By: Derek On: January 17, 2019 In: Industry news Comments: 0

At CES (Consumer Electronics Show), you expect to hear about industry trends, expert insights and future forecasting from leaders in the consumer technology industry. You expect to see the latest gadgets and breakthroughs in electronics from all of the big name manufacturers. But what you might not expect, is to see a big presence from the trucking industry at such an event. Well, all of that is changing now…

That’s right, the past few years trucking has made its presence felt at the leading Consumer Electronics Show. Automated driving, electric and hydrogen-powered trucks, along with technology/app developers for all things transportation-related have made a been showing up big time at this yearly conference. Trucking, which was once thought of to be a dated industry using old technology, is now far from that.

Multiple Application Vehicles

One of the headliners at CES this year was the introduction of multiple application vehicles. Toyota, in partnership with Amazon, Uber and Pizza Hut, is developing a new vehicle known as e-Pallette. The design shown at CES has no windshield or set passenger seating arrangement. The idea is that the vehicle can be configured for a variety of things, including delivery or passenger-van, a parcel delivery truck, a mobile office or even a hotel room. The size of the vehicle is larger than self-driving taxis and smaller than driverless semi-trucks. This is only the beginning of the way the transportation industry is moving. Autonomy, versatility, and environmentally-friendly are the name of the game.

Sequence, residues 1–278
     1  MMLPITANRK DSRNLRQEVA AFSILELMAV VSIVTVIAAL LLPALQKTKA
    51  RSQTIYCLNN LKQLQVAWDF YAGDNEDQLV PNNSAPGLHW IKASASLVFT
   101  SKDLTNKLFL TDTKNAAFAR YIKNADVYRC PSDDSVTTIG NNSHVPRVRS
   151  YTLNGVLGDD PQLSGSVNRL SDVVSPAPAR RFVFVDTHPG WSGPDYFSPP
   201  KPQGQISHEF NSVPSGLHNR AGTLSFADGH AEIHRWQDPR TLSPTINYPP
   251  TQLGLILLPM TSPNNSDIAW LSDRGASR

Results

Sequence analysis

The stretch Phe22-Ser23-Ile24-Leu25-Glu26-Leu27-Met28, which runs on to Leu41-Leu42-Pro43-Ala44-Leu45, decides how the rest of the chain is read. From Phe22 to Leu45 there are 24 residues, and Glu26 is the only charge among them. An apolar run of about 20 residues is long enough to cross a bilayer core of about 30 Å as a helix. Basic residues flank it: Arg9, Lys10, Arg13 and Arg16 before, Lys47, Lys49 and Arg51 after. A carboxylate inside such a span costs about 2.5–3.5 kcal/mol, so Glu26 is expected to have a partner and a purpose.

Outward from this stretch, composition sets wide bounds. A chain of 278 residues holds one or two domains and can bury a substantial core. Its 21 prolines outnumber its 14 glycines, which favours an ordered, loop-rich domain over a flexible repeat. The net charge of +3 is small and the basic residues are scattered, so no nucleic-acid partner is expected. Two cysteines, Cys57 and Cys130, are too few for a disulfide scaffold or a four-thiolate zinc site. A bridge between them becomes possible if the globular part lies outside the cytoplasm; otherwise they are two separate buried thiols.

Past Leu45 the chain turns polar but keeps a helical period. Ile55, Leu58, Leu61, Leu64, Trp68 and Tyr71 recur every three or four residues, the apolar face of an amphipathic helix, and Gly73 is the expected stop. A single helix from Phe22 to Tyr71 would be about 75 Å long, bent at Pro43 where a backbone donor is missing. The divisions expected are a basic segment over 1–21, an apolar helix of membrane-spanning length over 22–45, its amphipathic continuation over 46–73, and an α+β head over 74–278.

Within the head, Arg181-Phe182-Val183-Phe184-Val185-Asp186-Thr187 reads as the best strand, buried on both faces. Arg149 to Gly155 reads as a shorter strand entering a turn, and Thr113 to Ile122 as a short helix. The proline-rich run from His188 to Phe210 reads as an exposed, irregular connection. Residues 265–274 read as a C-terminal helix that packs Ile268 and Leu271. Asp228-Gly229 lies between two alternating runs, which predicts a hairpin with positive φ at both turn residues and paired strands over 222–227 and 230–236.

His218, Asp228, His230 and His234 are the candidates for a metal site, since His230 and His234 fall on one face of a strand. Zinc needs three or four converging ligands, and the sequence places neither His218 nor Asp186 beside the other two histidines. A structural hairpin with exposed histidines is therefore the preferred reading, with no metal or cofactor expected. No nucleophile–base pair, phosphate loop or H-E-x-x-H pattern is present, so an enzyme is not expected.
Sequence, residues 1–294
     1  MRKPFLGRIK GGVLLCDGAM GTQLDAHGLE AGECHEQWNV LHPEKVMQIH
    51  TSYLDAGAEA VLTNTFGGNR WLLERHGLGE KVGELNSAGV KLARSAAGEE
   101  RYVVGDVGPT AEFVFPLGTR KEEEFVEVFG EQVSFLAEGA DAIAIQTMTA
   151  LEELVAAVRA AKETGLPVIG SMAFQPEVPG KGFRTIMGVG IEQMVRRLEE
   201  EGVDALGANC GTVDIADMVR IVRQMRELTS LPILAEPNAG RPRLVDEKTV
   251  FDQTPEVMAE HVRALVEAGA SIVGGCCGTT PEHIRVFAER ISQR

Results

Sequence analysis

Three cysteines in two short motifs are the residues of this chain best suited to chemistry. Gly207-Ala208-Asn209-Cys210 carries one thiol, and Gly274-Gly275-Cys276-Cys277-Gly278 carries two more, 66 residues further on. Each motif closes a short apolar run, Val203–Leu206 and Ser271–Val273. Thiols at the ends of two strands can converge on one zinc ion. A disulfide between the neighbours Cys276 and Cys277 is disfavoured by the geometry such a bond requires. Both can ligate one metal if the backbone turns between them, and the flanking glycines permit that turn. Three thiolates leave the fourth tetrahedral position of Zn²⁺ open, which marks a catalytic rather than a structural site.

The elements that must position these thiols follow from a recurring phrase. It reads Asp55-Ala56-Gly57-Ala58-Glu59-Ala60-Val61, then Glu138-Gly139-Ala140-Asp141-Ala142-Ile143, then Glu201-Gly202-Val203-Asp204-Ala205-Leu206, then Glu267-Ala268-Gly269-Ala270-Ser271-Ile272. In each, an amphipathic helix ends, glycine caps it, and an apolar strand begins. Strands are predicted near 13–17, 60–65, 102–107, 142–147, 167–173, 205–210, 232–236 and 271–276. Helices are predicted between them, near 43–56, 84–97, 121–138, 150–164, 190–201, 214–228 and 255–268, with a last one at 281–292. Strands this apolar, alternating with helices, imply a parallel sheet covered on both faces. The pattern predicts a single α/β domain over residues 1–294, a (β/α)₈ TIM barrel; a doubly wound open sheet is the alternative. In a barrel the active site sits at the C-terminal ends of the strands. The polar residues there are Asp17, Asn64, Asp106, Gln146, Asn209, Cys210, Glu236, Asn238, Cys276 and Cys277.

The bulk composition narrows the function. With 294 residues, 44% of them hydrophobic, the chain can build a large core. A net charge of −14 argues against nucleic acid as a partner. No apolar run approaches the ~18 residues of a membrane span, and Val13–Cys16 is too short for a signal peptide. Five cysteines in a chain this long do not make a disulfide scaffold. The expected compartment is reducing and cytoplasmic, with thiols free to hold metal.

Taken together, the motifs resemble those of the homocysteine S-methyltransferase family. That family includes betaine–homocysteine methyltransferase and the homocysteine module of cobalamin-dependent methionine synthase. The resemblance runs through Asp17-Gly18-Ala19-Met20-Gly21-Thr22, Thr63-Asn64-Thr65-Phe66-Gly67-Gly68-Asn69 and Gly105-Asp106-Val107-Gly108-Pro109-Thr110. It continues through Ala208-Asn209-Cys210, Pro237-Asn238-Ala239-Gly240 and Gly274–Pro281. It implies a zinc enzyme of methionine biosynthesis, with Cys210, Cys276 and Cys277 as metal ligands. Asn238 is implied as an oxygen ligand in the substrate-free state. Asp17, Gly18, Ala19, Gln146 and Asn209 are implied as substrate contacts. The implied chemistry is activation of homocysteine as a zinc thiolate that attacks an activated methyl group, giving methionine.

Notable Quote

“CES is becoming an important venue for automotive and trucking because while it’s billed as consumer, it’s really a technology show, and trucks are getting more and more technology embedded in them. They are becoming the next technology focus,” said Chuck Price, vice president of product at TuSimple.

Battery-Electric & Hydrogen-Electric Trucks

Another big shift in the industry is the movement toward alternate powered trucks. In other words, trucks that don’t rely on fuel. At CES this year, Peterbilt showcased its battery-electric models; while Kenworth and Toyota presented a hydrogen-electric truck.
As trucks begin to move toward alternate energy, we expect more developments to be showcased at CES; particularly in the way of improving the number of miles that can be driven on one “charge.”

Future of Trucking at CES

Moving forward, we expect even more trucks and trucking companies to be exhibiting at CES as these movements spread throughout the industry. The bar will continue to be set higher and higher as being present at the show continues to increase the notability of these advances in the way we do transportation and logistics.

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